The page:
|NGC 7385 & Co.: Galaxy Cluster (Pegasus) RA: 22h 49.9m / DEC: +11° 36'.5|
Instrument: 18-inch Obsession
There are few experiences in amateur astronomy as impressive as seeing a bunch of galaxies in one field of view. And that is what my drawing presents, seven galaxies in one eyepiece field. This galaxy cluster is located in western Pegasus about a degree southeast of 4.2 magnitude Xi (46) Pegasi. The cluster is anchored by NGC 7385. It's the 12.0 magnitude misty oval adjacent to the 11th magnitude star near the center of my sketch, which captures 122X and 173X views in the big Obsession. NGC 7386 is the other bright galaxy. Its 2' by 1' form stands 5'.5 north of NGC 7385 and is aligned roughly east to west. NGC 7386 is a 12.3 magnitude spiral-type galaxy. NGC 7387 is a 30" diameter patch of haze, the brightest of three galaxies east of NGC 7385. This 14.0 magnitude transitional galaxy is framed by a close pair of stars, 10.5 magnitude and 11.0 magnitude, 4' to the east-southeast. Another stellar pairing, this duo featuring 13th magnitude embers, resides about the same distance to the northeast.
Those are the first four members of this septet. Let's look at the remaining four. Two reside about 5' south of NGC 7387 Northernmost of this duo is 20" diameter NGC 7389. With a blue magnitude of 14.8, this barred spiral probably has a visual magnitude of about 14.0. That's not exactly in the bright column, but it's not nearly as intimidating as something closer to the 15.0 threshold. The 20" diameter smudge 2' to the southeast is NGC 7390. It has a blue magnitude of 15.1 and that's faint any way you slice it. The 9.4 magnitude star at the southeast field boundary is SAO 108210. The final two galaxies are stationed southwest of NGC 7385. The first is NGC 7383, a 1' by 0'.5 nebulous haze with an east-west alignment. Two rows of three stars are lined up about 4' to the south. A 12th magnitude ember glows 3' to the northeast. And a somewhat fainter star is seen 2'.5 to the west-northwest.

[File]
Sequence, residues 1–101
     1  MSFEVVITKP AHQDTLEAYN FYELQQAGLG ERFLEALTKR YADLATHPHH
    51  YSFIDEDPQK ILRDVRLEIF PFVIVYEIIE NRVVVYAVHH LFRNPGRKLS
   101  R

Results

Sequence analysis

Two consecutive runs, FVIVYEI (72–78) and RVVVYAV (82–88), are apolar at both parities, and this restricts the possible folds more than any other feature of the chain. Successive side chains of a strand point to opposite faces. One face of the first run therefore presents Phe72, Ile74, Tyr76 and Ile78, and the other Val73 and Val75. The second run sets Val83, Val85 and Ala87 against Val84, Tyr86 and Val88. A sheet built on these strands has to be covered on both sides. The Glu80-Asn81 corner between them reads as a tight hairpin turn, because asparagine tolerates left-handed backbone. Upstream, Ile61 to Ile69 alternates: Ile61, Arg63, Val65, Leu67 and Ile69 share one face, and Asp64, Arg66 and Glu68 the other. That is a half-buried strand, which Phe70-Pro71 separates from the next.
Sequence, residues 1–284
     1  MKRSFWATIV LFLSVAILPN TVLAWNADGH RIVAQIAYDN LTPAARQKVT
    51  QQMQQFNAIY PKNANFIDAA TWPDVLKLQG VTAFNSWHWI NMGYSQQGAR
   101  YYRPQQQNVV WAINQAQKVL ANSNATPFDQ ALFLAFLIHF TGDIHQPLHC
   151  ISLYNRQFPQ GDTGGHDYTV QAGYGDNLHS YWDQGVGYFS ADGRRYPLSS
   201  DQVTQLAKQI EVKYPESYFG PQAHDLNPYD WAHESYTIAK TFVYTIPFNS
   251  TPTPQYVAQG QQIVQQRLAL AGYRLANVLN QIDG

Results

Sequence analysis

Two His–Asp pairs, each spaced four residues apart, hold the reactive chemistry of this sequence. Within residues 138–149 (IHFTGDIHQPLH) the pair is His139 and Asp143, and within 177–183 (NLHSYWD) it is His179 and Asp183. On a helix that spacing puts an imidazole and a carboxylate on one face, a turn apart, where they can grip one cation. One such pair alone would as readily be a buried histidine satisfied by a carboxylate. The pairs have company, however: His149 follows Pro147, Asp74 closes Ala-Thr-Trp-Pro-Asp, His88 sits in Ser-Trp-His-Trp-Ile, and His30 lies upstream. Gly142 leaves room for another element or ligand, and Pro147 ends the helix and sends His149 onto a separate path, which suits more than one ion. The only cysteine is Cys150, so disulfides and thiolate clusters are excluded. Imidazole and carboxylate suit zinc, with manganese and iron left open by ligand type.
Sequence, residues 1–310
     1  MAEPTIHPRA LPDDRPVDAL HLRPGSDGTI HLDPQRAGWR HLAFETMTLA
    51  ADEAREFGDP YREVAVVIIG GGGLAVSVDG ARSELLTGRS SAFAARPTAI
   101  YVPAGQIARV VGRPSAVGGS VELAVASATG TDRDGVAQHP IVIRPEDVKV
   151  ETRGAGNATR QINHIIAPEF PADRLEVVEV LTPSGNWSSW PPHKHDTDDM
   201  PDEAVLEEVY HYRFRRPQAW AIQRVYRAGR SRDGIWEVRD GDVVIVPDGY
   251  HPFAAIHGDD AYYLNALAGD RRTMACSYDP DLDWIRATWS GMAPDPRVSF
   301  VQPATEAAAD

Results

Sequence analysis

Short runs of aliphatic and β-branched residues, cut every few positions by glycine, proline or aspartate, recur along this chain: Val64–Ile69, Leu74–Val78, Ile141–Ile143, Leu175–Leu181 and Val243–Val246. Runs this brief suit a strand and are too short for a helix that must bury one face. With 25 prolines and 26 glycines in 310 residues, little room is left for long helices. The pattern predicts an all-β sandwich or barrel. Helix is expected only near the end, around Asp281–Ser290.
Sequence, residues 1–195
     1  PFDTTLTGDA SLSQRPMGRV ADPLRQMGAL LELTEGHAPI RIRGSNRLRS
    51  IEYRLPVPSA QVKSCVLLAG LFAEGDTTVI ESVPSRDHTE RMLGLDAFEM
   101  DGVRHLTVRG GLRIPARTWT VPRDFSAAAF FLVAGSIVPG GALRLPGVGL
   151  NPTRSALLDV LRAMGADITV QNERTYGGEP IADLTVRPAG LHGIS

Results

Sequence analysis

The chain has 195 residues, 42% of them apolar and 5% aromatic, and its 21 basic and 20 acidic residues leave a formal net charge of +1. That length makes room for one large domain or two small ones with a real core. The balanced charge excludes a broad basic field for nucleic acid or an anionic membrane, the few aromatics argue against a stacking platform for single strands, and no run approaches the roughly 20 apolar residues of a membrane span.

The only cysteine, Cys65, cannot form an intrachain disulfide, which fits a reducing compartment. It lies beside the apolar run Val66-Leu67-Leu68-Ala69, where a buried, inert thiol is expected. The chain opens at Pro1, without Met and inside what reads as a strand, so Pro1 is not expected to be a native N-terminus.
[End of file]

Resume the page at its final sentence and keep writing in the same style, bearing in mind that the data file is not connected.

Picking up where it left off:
That leaves just one galaxy in the cluster to explore. This would be LEDA 95571. LEDA 95571 (aka GIN 664 and MAC 2249+1129) is seen intermittently with averted vision. It's the 10" diameter fuzzy spot 3'.5 west of NGC 7383. It's a tiny little galaxy but has a high enough surface brightness that it can be seen with substantial magnification in a large aperture scope. A faint star of unknown brightness is seen immediately to the southwest.
All seven galaxies have radial velocities in the 7100 to 8300 km per second/megaparsec with four of the group moving between 7700 to 7900 km per second/megaparsec. This suggest a distance of 360 to 400 million light-years. Imagine that, the light we see in our telescopes began its journey to Earth millions of years before humanity was even a glimmer in God's eye.
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Revised: October 3, 2005 [WDF]